Jarv’s Schlock Vault: Demons 2
You look great, Sally. Honest.
I’m going to let you in on a little secret today. There’s a golden rule of Italian Horror that I really should pay more attention to. It is as follows: a director’s last film is only his worst until he releases his next one. However, me being me, I completely forgot about this, and after finishing Lamberto Bava’s Demons, I noticed that the sequel was available to watch on Lovefilm. The first one was a plotless pot of insanity that threw a bravura amount of gore and mess at the screen, and as a result, I quite enjoyed it. Yes, there was a typically hamfisted message about movies rotting your brain or some such drivel, but it didn’t really matter. Still, Argento co-wrote this one, so it should be an improvement in the plot department from the original, surely? I mean this should be easy- fix the things that didn’t work (mostly the writing), and keep doing what you did with the things that do work.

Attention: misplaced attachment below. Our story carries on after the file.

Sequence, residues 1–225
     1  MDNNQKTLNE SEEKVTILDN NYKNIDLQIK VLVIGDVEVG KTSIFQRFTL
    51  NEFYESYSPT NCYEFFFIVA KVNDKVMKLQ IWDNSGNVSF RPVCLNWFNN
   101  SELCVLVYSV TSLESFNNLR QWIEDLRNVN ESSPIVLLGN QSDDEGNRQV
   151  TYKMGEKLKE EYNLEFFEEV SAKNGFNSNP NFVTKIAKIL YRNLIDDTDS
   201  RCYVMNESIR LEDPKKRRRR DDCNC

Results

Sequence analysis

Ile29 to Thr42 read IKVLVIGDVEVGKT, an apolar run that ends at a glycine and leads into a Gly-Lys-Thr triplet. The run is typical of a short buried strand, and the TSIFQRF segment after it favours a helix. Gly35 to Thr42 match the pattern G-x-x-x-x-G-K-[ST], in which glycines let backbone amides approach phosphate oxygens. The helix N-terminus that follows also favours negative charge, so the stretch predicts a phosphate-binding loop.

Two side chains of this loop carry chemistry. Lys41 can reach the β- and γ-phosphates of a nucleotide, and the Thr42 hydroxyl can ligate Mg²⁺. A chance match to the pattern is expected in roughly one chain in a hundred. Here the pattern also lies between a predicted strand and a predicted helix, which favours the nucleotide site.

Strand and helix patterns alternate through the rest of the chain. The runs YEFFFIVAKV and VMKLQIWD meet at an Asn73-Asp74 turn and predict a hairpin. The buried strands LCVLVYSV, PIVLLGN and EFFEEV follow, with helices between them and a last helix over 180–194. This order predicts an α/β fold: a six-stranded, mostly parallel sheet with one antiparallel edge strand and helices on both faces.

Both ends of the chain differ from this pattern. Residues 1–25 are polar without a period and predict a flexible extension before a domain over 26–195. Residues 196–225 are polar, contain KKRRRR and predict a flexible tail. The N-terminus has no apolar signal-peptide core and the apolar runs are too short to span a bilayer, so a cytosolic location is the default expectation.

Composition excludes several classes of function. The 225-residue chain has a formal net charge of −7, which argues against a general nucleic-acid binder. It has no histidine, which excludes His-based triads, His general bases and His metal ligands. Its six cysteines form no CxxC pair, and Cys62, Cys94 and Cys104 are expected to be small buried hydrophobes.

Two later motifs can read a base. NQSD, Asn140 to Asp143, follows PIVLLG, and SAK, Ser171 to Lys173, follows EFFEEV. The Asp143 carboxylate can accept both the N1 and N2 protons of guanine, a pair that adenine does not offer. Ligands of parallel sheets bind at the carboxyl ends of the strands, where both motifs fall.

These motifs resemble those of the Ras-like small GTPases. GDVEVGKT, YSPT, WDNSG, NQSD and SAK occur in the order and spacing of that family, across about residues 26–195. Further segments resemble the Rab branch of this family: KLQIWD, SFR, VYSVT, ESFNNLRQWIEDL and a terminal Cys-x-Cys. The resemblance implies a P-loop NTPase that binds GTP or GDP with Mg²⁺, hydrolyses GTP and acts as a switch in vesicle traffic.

Sadly, as is often the way, they fucked it up. Not a complete write off, and there’s enough here to get the film up to the dizzying heights of mediocre, but really, this should have been easy. Carry on from the end of the first film, and let’s have a post-apocalyptic man v monster effort. Throw the claret around, cast some good looking cannon fodder, add some titties, and we’re away to the fucking races. Unfortunately, that isn’t what happens, and I’m at a complete loss as to why you would follow the route they took. It just doesn’t make sense to me.